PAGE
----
This is not a call to drop commitments so you can sit at home and watch more television. Many of you are busy doing wonderful things you love to do and have been called to do. I am not suggesting you drop those things, but I am suggesting you take a moment to evaluate how balanced your life is, and if the most important things are getting your time. This is something that looks different for each of us. But I do believe we could all benefit from slowing down and re-prioritizing. Take a look at even the good things and ask yourself if good is good enough. I would rather do one thing great, than do a few things good, or a lot of things mediocre. 

Like I said, this week was busy. I know in life we are going to have eventful times. But it was a good reminder to me of how I was living a year ago: burned out and running on fumes. As Patience and I begin to step back into some of our old responsibilities I want to make sure to do it cautiously. I do not want to sacrifice the healthy relationships I have been restoring. I do not want to back-pedal into the demands of all the things that were keeping me from living a centered life. I want to do life well. I have no desire to sit back on my haunches, but I have even less desire to busy my hands with work that doesn’t matter. I like what Lysa TerKeurst says in her book The Best Yes, “We have to slow the rhythm of rush in our lives so the best of who we are can emerge.”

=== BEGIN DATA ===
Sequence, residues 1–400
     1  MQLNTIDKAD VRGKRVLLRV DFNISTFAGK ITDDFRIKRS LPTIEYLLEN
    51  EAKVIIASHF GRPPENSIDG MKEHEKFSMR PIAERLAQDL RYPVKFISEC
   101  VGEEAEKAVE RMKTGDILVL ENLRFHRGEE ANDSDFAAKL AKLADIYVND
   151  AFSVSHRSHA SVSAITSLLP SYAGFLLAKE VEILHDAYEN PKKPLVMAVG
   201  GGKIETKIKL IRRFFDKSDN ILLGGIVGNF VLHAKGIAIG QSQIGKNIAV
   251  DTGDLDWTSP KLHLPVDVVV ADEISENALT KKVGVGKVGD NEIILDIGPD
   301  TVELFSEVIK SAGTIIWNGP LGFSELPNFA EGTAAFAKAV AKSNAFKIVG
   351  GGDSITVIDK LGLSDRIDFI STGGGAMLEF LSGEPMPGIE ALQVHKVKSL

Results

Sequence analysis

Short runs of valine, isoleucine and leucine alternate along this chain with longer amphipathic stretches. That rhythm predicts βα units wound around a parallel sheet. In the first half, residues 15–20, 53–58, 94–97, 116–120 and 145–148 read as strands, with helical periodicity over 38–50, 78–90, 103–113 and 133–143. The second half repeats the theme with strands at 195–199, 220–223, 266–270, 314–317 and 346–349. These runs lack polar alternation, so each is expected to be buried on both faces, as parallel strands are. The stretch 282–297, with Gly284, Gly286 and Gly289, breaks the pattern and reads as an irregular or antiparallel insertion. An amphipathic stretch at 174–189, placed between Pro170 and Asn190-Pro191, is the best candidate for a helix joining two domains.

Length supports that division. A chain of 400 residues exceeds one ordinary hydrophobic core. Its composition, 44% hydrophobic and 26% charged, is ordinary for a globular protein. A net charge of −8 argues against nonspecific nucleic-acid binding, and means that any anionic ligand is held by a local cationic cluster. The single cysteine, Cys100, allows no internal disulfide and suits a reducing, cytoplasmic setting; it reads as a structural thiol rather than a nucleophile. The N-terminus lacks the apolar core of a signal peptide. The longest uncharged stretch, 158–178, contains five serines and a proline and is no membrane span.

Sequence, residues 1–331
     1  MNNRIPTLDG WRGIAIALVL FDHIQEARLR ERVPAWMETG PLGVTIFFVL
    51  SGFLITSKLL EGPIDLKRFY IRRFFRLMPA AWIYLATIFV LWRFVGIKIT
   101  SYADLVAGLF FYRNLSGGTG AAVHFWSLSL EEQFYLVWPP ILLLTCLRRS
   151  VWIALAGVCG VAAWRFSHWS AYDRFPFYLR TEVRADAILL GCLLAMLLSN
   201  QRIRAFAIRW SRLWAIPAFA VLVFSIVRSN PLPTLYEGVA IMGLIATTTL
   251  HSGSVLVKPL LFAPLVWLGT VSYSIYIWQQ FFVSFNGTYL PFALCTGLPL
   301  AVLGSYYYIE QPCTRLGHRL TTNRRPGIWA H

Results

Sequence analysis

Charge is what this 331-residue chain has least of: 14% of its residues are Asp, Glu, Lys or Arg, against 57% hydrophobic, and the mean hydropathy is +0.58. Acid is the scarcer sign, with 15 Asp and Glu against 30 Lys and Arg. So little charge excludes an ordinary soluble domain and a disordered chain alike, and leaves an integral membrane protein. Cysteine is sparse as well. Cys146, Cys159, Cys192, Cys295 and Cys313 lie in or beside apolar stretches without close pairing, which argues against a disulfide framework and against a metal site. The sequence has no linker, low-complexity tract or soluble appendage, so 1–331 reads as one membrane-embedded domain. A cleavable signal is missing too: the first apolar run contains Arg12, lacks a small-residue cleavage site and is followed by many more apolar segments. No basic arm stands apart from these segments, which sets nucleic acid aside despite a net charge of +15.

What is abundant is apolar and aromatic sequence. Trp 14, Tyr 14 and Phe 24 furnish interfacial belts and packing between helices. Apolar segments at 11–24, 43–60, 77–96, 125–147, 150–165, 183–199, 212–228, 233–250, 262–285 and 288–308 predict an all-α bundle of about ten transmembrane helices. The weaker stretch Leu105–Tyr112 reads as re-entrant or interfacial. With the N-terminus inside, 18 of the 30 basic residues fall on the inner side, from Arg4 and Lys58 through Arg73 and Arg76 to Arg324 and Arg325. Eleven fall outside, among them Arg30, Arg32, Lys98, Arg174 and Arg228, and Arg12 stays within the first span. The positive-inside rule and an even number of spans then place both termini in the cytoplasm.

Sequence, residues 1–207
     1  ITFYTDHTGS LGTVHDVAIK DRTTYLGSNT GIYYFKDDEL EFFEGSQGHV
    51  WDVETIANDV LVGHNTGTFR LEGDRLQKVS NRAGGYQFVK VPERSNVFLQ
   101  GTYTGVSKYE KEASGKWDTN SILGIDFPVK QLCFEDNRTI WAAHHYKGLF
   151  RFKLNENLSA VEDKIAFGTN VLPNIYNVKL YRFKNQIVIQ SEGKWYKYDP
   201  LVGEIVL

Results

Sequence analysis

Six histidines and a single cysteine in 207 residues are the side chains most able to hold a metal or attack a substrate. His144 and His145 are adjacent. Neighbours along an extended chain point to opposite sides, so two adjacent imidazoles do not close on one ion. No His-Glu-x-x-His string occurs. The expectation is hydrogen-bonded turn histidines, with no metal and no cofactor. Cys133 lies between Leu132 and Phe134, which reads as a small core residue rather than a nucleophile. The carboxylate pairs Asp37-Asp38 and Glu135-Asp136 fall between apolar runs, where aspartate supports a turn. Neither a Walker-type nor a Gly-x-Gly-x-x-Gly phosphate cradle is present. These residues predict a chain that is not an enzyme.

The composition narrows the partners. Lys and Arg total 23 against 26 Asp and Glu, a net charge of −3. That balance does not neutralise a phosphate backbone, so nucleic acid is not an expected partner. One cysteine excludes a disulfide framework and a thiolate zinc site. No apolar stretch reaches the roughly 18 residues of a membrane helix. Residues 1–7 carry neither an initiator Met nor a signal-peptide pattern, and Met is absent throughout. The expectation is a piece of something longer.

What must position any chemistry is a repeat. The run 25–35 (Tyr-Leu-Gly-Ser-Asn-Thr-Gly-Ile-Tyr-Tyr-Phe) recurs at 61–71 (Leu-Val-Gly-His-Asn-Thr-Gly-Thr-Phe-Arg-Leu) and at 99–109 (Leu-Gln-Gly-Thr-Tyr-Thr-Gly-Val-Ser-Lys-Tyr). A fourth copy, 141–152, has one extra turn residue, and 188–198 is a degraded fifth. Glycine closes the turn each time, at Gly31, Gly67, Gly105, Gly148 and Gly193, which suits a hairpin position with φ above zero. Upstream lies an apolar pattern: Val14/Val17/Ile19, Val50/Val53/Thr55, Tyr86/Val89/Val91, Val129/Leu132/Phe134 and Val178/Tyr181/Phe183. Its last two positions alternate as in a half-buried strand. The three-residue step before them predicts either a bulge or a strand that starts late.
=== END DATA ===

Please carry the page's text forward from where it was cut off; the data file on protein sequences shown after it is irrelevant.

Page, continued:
You won't know the best of who you are until you slow down enough to discover it. Take a break. Take a deep breath. And slow down. You won't regret it.